Tree Pruning

Tree Pruning -  A proper pruning cut

Tree Pruning is, for most people, an intimidating and daunting task. However, with a little understanding and knowledge, keeping your trees in tip-top shape doesn’t have to be such a fear-inducing project.

Fall to midwinter is, in most cases, the optimum time for tree pruning.  Here are a few tips to help you as you work this fall and winter to maintain your trees and shrubs in your landscape.

Take a step back.

I always urge caution when pruning trees and shrubs.  Over pruning is a common problem.  Most trees do not need heavy pruning every year with the exception of some fruit trees.  Some trees may need to be judiciously pruned to eliminate lower branches that have become a hindrance or are in danger of contacting your home or other structures.  Removing too many lower branches can seriously weaken or even kill an otherwise healthy tree.

When to Prune?

Landscape trees can be pruned anytime.  The best time is from fall to winter.  Fruit trees should be pruned from mid-winter up until buds break.  Peach trees should only be pruned just before the buds break in the spring.  Pruning peach trees will cause the buds to break and if done too early will almost certainly result in no fruit.

How much do I prune?

Pruning trees is as much art as it is science.  Every species of tree has its own character and its own distinctive look.  These characters and distinctive look should be considered when selecting trees for planting in your landscape.  Nothing is more frustrating than trying to change this character and look by pruning.  It won’t work, and you can seriously stress the tree or even kill it. 

In general, removing lower limbs to any great degree is a bad idea.  You may think it looks good, but it is stressful on the tree.  Here are some general rules of thumb for pruning landscape trees.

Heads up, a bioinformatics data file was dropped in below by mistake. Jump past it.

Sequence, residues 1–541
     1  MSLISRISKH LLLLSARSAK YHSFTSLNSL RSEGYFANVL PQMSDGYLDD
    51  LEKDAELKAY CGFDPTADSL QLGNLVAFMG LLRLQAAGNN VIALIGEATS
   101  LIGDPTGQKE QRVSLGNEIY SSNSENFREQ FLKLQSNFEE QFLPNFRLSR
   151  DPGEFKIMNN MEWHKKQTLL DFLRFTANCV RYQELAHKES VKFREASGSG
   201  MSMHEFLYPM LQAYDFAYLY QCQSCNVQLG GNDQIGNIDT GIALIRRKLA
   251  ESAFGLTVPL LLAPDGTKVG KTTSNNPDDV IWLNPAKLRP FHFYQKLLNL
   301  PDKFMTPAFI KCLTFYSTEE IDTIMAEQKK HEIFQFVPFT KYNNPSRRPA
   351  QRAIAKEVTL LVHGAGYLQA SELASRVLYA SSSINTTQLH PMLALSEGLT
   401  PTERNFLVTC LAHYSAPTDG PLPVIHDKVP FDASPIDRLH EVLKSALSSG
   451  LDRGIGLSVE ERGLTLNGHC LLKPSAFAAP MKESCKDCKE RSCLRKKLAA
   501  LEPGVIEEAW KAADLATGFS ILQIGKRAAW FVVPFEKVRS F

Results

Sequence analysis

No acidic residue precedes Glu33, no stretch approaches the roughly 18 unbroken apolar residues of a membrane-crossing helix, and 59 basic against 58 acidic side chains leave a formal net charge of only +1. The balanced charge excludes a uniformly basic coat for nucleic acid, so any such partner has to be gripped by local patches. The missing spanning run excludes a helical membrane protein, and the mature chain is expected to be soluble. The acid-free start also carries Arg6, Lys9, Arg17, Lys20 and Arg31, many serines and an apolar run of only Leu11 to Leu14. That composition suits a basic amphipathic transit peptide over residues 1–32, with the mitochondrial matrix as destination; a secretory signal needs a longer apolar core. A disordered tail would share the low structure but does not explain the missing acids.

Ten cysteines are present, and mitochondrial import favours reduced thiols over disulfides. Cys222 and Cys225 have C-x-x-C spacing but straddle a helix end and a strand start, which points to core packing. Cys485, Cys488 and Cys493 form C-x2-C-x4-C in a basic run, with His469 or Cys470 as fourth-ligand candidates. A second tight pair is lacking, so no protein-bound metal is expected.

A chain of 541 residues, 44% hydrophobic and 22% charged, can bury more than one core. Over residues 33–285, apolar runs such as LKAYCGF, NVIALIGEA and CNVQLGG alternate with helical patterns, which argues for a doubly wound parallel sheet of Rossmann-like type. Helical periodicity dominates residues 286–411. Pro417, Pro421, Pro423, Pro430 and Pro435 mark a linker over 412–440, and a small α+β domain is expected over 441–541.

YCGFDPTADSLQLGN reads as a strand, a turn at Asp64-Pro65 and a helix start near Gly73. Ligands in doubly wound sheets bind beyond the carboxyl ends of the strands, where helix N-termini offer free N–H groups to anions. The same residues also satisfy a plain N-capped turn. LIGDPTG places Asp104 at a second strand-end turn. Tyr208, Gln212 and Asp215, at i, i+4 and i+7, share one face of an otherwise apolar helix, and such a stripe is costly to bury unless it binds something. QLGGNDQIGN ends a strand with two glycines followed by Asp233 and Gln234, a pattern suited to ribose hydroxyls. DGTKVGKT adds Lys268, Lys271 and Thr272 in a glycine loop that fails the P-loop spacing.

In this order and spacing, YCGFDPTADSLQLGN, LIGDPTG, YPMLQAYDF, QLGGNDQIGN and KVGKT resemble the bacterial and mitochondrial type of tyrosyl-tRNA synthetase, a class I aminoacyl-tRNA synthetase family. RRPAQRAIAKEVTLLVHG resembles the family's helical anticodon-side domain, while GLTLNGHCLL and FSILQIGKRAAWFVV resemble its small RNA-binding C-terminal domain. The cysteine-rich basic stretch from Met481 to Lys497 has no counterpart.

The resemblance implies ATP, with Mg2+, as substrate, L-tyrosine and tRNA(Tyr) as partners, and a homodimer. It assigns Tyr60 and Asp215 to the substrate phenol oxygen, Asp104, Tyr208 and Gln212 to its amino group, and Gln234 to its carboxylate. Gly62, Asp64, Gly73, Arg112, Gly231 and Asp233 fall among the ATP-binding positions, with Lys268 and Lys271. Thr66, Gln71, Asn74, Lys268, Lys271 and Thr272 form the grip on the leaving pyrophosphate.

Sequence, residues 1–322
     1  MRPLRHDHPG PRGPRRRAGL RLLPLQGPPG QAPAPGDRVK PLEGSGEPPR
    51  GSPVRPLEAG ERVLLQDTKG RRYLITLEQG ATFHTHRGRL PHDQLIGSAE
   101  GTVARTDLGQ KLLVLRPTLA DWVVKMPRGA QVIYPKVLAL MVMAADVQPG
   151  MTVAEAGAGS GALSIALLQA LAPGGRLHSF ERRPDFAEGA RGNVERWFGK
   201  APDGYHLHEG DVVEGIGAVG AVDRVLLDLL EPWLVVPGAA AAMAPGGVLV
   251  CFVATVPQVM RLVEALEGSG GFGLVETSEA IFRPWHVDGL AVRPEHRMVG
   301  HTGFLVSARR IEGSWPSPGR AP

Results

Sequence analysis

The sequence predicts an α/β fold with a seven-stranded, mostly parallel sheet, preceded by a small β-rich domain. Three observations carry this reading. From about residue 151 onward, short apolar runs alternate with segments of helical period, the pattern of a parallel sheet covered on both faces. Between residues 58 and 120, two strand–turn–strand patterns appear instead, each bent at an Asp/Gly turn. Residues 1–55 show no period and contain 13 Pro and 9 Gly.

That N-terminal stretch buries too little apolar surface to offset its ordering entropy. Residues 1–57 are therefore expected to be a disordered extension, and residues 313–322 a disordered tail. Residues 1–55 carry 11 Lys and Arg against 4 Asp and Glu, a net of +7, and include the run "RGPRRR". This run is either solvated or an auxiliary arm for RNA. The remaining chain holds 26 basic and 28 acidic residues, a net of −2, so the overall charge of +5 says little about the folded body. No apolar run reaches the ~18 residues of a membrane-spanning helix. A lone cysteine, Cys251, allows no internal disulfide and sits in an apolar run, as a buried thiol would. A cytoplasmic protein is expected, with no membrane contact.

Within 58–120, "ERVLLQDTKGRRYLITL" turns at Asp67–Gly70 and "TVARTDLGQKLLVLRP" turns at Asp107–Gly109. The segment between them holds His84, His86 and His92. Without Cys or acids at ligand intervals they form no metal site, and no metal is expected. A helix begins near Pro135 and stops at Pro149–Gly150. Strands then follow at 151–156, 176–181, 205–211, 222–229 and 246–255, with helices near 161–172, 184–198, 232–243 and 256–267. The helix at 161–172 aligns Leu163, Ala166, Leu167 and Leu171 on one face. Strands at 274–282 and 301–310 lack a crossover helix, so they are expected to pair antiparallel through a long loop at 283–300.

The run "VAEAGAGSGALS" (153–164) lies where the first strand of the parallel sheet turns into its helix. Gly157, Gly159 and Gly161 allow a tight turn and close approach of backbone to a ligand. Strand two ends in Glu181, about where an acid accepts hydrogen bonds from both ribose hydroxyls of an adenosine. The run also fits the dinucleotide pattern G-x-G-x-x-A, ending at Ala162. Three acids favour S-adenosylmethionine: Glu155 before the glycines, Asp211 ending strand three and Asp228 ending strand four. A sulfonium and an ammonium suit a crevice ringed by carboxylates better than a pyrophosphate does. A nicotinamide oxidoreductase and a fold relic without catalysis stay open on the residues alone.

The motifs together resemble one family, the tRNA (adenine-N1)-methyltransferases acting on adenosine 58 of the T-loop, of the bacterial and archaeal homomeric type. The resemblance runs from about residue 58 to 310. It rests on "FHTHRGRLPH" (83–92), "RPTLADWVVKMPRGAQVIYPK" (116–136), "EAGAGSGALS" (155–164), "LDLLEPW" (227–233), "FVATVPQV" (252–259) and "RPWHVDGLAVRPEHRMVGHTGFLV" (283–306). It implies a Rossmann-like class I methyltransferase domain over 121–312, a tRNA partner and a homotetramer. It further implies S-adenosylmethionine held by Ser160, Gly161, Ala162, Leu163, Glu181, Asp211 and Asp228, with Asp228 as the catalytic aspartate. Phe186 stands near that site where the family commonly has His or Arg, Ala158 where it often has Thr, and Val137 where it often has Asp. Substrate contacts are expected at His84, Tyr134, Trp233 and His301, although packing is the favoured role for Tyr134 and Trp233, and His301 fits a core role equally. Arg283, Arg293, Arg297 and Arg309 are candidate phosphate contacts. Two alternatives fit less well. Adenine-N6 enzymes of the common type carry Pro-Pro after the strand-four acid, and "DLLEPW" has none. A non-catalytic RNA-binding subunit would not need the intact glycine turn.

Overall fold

tree pruning - DON"T CROP
  • Remove dead and diseased limbs, broken or damaged limbs and any crossing limbs.
  • Any limbs that grow back toward the heart of the tree canopy should be removed.
  • If limbs are dangerous or physically interfere with buildings, remove them judiciously.
  • Avoid leaving V-shaped crotches in trees.  These cavities can become traps for debris and water and are havens for insects and disease.
  • Do not “thin” a tree.  Removing foliage stresses the tree and opens it up to attack by pests and disease.  Never gut the interior of the tree canopy.
  • Never ‘CROP” a tree.

How do I prune?

First, always make sure your tools are sharp and clean.  Dirty tools can spread disease from plant to plant.  Dull cutting tools bruise and damage the wood structure and leade to infestations and rot.  Always use the appropriate tool for the job you are performing and the size of pruning cut you are making. 

Never make flush cuts when pruning limbs.  Cuts should leave at least 1/16th of an inch but no more than 1/8th of an inch of the branch where it meets the trunk.  There is a swelling on the branch close to the trunk.  This swelling is called the branch collar and under no circumstances should the pruning cut be made into this collar. Cutting into the collar can damage the protective zone between the trunk and the branches leaving the entire tree open to infection and pest infestation.

bad pruning practises

Cuts should always leave a round wound just outside the branch collar.  The branch collar will soon begin to overtake the wound as the tree begins to heal.  Limbs which have been pruned that don’t heal were probably pruned to close to the tree collar or too far if a deadwood stub remains.  Fruit trees are particularly susceptible to this kind of damage. 

Tree Pruning - Callus forming

Treating Wounds on Trees

Studies have shown that painting pruned trees or applying a dressing to the pruned area are of little or no value.  These treatments can be harmful in the long run by slowing the healing process.  Adding such paint or dressings can impede the formation of the callus, the growth that the tree produces to try and cover the wound.  Trees produce lignin.  Lignin is the trees answer to wounds and does almost the same job as white blood cells do in humans.  The same studies mentioned above saw the best healing on trees when the wound was left exposed to the air.

Conclusion

Prune carefully and in a limited fashion.  Trees are one of the few living parts of your landscape that can appreciate over time, adding value to your home and property.  Treat them with care and respect.

For more information about organic gardening and landscape maintenance see our article library here.